A book charged with a strong emotional impact that tells a true story worthy of a novel: a family saga that revolves around the most beautiful small hotel in the world. The air is filled with dreams that have become reality (in the Cinque household) and special holidays with anecdotes about Federico Fellini (and his sudden arrival), Julia Roberts (who walked around Positano camouflaged), Marcello Mastroianni, George Clooney, Tina Turner, famous writers and musicians. The written story and the iconographic one run parallel to each other in every chapter, with photos taken exclusively for the book and others from photo footage: an “illustrated novel” with touching moments. An enthralling book, signed by Virginia Attanasio (the hotelier) and Stefania Berbenni.
With a testimony by Franco Zeffirelli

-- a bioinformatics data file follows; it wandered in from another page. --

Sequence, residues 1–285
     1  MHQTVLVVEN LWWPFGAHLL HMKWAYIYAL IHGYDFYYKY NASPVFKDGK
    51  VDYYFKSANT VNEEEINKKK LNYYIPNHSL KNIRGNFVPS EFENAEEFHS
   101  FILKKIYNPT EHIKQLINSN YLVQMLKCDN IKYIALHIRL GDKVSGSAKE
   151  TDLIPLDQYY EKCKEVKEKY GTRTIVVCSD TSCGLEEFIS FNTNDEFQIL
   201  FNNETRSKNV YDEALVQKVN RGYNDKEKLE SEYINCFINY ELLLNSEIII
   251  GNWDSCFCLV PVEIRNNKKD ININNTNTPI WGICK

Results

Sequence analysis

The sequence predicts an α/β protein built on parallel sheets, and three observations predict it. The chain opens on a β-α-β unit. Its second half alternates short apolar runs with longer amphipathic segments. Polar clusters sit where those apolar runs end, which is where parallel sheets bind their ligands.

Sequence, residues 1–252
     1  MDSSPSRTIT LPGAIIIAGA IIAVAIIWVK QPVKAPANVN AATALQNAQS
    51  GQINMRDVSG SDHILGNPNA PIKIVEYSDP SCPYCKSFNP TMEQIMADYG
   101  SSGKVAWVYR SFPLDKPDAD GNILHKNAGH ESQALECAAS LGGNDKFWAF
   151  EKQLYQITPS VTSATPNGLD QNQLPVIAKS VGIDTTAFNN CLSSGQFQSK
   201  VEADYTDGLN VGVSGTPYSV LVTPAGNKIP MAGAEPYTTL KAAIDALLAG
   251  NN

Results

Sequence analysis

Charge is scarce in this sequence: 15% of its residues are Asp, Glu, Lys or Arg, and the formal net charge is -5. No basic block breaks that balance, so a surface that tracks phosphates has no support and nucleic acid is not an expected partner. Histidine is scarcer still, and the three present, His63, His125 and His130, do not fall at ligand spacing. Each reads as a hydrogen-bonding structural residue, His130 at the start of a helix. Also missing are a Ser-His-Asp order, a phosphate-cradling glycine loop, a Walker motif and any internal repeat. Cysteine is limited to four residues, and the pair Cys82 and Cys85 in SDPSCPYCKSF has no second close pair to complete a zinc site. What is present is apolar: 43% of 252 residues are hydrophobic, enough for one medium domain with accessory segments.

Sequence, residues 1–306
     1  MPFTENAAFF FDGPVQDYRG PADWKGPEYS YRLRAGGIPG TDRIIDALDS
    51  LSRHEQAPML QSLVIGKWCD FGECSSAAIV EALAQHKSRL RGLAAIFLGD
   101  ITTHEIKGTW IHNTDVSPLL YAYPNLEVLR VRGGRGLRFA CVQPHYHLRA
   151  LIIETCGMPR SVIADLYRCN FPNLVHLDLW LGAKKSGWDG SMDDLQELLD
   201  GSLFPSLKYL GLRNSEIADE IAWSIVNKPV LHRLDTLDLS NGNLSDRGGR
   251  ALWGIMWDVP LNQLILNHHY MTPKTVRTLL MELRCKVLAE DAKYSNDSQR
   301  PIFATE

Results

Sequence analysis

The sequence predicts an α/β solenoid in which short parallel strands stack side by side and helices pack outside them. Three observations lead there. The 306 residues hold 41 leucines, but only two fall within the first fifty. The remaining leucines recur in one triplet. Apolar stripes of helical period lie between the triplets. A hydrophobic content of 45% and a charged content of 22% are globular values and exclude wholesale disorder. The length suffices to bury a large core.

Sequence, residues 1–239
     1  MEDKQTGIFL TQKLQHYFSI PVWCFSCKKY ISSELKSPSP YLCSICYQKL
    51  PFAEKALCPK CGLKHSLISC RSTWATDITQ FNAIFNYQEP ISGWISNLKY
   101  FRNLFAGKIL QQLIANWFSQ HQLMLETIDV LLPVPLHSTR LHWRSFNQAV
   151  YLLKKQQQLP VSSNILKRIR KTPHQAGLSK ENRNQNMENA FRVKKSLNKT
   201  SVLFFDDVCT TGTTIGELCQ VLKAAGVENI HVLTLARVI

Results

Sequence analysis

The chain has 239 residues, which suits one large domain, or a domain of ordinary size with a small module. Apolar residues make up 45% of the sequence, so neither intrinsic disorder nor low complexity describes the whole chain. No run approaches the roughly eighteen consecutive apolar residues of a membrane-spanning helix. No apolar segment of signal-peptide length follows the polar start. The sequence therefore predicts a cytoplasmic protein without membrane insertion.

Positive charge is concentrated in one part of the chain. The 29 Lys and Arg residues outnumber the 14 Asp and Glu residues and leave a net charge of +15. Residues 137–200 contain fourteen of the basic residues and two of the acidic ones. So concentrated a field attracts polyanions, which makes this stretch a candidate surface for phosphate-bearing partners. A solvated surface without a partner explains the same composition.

A long time has passed since I stopped feeling a sense of melancholy for days gone by, for all that I’ve lived. After having lost many friends and relatives, I’ve learned to live in the present, accepting whatever destiny has chosen for me, enjoying the moment without any regrets. I became acquainted with Positano in the 1960s as a guest of dear friends in a marvelous house. And since then, I’ve spent many seasons there, not just during the summer. Il San Pietro was my second home, I owned the first. Carlo Cinque and I were very close friends. What appealed to me was the farsightedness of this man who didn’t have revolutionary or intellectual origins but was born with a wonderful vision of life, of things. I admired this extraordinary man who performed a miracle with all my heart. Yes, a miracle because I saw the promontory before Carlo Cinque transformed it into a magnificent residence. Carlo Cinque was the only who had projects that aimed “high”, because he believed that he could make Positano become a centre of culture. This is another reason why we were friends, we shared the same ambition. Together, we throught of creating a square because Positano lacked a place of gathering; there was only a large beach that looked more like a station with a constant coming and going of people. A square would have been another thing. An agora. We set to work, we found a location, we asked for opinions, everyone seemed to agree and then, nothing came of it. I don’t think that the locals were very happy being told how Positano should be, by outsiders. Carlo Cinque wasn’t like that, he was made of different stuff which made him an extraordinary person. For me, it was natural to go to dinner at Il San Pietro, where the atmosphere was so interesting and where I’d find Carlino.